News and events

RSPB Big Garden Birdwatch 2021, what will you spot in your garden?

It’s the 42nd RSPB Big Garden Birdwatch this weekend so let’s grab some binoculars and get bird spotting! According to the RSPB, across the UK nearly 9 million hours have been spent watching garden birds since the Birdwatch began in 1979 and there have been more than 137 million birds counted! Want to join in the fun? Check out how to take part here.

So what birds might you see this weekend? Below are just some you may spot from your garden, window or balcony this weekend and if you would like to attract more birds into your garden, read on for some top feeding tips!

  • The European robin, known simply as the robin or robin redbreast in Ireland and Britain, is a small insectivorous passerine bird that belongs to the chat subfamily of the Old World flycatcher family.
  • The common blackbird is a species of true thrush. It is also called the Eurasian blackbird or simply the blackbird where this does not lead to confusion with a similar-looking local species. It breeds in Europe, Asiatic Russia, and North Africa, and has been introduced to Australia and New Zealand.
  • The common wood pigeon is a large species in the dove and pigeon family. It belongs to the genus Columba and, like all pigeons and doves, belongs to the family Columbidae.

 

  • The Chaffinch is a common and widespread small passerine bird in the finch family. The male is brightly coloured with a blue-grey cap and rust-red underparts. The female is much duller in colouring, but both sexes have two contrasting white wing bars and white sides to the tail.
  • The Eurasian blue tit is a small passerine bird in the tit family, Paridae. It is easily recognisable by its blue and yellow plumage and small size.
  • Starlings are small to medium-sized passerine birds in the family Sturnidae. The name “Sturnidae” comes from the Latin word for starling, sturnus. Many Asian species, particularly the larger ones, are called mynas, and many African species are known as glossy starlings because of their iridescent plumage.

 

Feeding garden birds

If you would like to help out our feathery friends and even attract more into your garden, you can follow these useful tips below!

What should you feed garden birds?

Have any leftovers? Cooked pasta or rice is good, along with boiled potatoes! You can also feed them cheese, uncooked and of course unsalted bacon rind. Apples, pears and soft fruits are popular too!

Net-free fat or suet balls attract a wide range of species and provide a great boost of calories and mealworms or waxworms are another popular dish!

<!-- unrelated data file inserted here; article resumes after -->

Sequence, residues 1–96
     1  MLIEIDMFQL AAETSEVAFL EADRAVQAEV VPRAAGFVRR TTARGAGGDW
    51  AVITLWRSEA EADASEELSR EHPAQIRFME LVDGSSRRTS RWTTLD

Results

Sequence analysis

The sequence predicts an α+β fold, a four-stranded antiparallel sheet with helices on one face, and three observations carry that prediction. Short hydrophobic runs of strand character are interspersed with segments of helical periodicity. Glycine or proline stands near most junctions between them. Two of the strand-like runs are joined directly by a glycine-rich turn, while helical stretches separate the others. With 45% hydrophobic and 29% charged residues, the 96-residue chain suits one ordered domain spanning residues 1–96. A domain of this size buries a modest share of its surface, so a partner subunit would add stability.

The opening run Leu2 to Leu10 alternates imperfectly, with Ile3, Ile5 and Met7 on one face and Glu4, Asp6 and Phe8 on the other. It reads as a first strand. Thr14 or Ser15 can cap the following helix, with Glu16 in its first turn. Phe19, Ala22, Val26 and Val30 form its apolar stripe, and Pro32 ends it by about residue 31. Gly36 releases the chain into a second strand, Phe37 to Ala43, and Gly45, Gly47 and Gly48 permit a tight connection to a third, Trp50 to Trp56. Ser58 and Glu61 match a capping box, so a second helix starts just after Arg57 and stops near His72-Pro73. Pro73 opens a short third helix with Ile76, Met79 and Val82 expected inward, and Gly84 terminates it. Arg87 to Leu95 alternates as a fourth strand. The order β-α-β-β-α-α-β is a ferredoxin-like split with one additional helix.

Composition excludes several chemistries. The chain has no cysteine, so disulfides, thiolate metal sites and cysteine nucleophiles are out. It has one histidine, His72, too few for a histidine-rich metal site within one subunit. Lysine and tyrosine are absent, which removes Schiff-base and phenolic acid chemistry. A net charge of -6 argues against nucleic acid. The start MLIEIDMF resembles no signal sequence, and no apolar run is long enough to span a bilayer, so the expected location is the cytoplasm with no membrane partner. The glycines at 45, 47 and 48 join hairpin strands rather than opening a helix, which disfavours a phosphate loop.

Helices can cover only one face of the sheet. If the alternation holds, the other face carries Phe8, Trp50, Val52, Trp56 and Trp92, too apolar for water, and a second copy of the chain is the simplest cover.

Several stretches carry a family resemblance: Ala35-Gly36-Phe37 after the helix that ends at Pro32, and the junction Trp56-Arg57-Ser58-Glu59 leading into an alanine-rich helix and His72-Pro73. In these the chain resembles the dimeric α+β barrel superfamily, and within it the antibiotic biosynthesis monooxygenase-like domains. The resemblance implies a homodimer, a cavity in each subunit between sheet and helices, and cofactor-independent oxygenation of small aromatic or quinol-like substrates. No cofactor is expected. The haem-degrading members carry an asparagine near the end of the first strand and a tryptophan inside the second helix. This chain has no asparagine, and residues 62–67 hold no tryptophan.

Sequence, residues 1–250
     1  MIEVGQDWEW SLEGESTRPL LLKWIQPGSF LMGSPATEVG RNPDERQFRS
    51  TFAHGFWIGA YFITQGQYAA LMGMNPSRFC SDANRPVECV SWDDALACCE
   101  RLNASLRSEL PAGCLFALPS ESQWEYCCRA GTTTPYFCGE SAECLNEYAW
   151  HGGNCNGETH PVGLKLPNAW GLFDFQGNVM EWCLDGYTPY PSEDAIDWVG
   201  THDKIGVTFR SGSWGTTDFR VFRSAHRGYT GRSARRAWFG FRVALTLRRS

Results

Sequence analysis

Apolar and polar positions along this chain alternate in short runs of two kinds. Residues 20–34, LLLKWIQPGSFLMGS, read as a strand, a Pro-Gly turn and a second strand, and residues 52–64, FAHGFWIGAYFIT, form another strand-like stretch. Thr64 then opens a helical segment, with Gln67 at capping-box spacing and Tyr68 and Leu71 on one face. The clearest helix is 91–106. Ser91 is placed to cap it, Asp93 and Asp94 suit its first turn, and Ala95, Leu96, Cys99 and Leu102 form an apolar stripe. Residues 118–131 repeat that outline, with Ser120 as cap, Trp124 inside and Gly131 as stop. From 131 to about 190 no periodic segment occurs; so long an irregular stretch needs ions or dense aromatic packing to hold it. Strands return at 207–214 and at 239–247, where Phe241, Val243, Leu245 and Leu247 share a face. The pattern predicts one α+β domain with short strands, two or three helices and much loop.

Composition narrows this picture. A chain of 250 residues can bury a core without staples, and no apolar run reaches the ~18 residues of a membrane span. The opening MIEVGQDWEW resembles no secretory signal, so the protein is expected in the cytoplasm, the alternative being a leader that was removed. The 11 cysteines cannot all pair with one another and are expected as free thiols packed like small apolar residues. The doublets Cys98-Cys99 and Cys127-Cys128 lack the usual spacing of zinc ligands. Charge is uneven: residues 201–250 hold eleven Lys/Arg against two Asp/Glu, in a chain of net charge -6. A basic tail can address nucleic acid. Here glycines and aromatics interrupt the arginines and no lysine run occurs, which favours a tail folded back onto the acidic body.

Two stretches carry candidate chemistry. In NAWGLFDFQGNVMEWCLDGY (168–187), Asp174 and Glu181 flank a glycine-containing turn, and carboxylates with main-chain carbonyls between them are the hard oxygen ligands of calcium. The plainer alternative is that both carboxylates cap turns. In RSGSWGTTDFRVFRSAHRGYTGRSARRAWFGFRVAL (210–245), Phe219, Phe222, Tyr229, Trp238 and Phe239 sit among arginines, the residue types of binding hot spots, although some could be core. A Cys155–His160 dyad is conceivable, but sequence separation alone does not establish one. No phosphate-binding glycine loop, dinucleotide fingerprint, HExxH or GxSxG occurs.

They also like raisins, sultanas and unsalted peanuts. Ensure the unsalted peanuts are fresh and sold for human consumption or by a reputable feed shop. To protect chicks from being fed whole nuts and choking, provide peanuts in good quality mesh feeders.

You can find out more and see a wonderful colourful guide on taking care of garden birds on the Nation RSPCA website by clicking here.

 

Fresh water is essential

Keep water bowls full of clean water and make sure bowls and feeders are placed far away from bushes and other areas where predators might hide.

Many garden birds die each year through the transmission of diseases. It’s important to clean all feeders weekly – water containers daily – and dry them before refilling.

Simple tasks like rotating feeding and drinking areas will help reduce the transmission of disease.

Keep wildlife safe from pets

When feeding wild animals in your garden, help keep them safe from cats with top tips from the National RSPCA

Place feeders up high, well above the height which a cat can access and away from cat perches such as branches and walls.

Ensure bird tables are away from any cover that cats could use for stalking prey and instead in open areas and if mounted on top of a pole use material such as metal that cats cannot climb.

 

Avoid leaving food on the ground as this can leave small mammals and birds vulnerable to cats.

Bird boxes with features like steep roofs to stop cats sitting on top of them and waiting.

Provide refuges for small mammals such as log, stone and compost piles, or purpose built refuges like toad and hedgehog houses.

 

Have fun bird spotting and dont forget to share your findings with the RSPB.

We would also love for you to share your findings with us at wooof@rspcanorwich.org

Have a lovely weekend!

EmmaRSPB Big Garden Birdwatch 2021, what will you spot in your garden?